5 things to know in life sciences: Week of May 23, 2022
REAL ECONOMY BLOG | May 26, 2022
Authored by RSM US LLP
This week we highlight an international collaboration for an innovative under-the-skin insulin delivery device, a focus on improving diversity for clinical trials and a promising COVID-19 vaccine for children under 5. Finally, at-home testing for sexually transmitted diseases is coming, and the University of California, San Francisco has recently announced plans that would allow their Ph.D. students to spend a portion of their studies working at biotech companies. Each week we highlight five things you need to know about in the life sciences industry. Here’s the latest.
Please note that next week we will not be publishing our “5 things” post in observance of Memorial Day.
Sernova, a Canadian clinical stage regenerative medicine company, and German pharmaceutical company Evotec are collaborating on an innovative insulin delivery device to treat Type 1 diabetes. The product would be implanted in the body and would replace external insulin pumps and manual injections. A small pouch containing therapeutic cells is designed to be implanted under the skin and produce an unlimited supply of insulin.
Amid the growing calls for increased diversity in clinical trials, Pfizer has partnered with Headlands Research to launch clinical trial sites specifically targeted at diverse patient populations. A new site is being launched in Brownsville, Texas, a city with a population of over 180,000 where over 94% of the population is Hispanic or Latino. The industry is focusing on improving representation of racial and ethnic minority populations as well as members of the LGBTQIA+ community, older adults, pregnant and lactating individuals, and people with disabilities in clinical trials.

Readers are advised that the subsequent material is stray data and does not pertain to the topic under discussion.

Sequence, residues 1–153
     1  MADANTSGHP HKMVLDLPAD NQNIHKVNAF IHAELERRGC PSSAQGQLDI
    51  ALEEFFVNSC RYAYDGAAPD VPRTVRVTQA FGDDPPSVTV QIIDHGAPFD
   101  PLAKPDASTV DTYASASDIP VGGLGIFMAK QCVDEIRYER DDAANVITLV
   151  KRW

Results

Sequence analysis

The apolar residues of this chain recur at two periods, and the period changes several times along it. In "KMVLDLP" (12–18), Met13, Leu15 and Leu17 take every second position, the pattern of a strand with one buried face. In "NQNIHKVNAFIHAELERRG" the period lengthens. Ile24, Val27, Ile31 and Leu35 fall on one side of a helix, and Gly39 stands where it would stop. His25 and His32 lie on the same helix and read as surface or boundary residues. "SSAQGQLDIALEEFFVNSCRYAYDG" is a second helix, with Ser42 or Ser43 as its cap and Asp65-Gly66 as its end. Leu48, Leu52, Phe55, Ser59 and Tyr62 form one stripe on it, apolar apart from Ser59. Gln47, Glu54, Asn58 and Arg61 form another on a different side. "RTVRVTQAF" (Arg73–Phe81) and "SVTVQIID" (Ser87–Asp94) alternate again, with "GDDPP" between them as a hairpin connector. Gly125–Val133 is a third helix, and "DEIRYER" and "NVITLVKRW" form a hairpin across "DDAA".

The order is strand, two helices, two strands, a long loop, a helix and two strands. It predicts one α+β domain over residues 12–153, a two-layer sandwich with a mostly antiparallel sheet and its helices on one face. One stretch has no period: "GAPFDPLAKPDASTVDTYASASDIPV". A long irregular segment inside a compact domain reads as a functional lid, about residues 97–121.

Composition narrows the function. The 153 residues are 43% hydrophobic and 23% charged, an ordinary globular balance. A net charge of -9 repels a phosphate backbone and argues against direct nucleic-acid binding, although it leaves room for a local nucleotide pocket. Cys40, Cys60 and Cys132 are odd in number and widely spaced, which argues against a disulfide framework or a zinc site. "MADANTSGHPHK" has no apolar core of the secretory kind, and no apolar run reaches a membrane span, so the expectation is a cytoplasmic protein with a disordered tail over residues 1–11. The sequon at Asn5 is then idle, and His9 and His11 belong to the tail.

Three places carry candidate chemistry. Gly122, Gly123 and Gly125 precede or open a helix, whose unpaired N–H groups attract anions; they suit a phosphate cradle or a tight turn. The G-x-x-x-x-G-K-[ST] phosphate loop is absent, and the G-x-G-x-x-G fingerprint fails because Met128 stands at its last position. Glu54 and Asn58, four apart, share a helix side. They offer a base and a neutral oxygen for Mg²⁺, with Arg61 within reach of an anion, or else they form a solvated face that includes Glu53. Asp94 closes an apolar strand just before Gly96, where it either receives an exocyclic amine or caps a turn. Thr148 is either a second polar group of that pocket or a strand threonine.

Many parents of children under 5 have been waiting since last year for a COVID-19 vaccine to be available for their children. There finally appears to be hope on the horizon with Pfizer announcing positive results for a three-dose regimen of its vaccine in children under age 5 (and older than 6 months). The next step will be submission to the Food and Drug Administration and its decision on whether to grant an emergency use authorization.
COVID-19 caused many relationships between patients and their health care to be upended. In some cases, people opted to delay preventative care, causing even worse outcomes. One potential positive resulting trend is that people have become more comfortable doing at-home health-related testing. Now, public health officials and lawmakers are looking to build from that momentum to encourage at-home testing for sexually transmitted infections. However, there are trade-offs between making testing more accessible and ensuring support and accuracy.
When thinking of internship programs, most people may picture undergraduate students working in a corporate setting for a semester to put their academic learning to a real-world test. Now, a similar idea is being tried at the University of California, San Francisco to help its Ph.D. students prepare for work in private sector biotech after gaining their doctorate.
This article was written by Justin Culbertson, Steve Kemler, David Stuart, Brian Winne and originally appeared on 2022-05-26.
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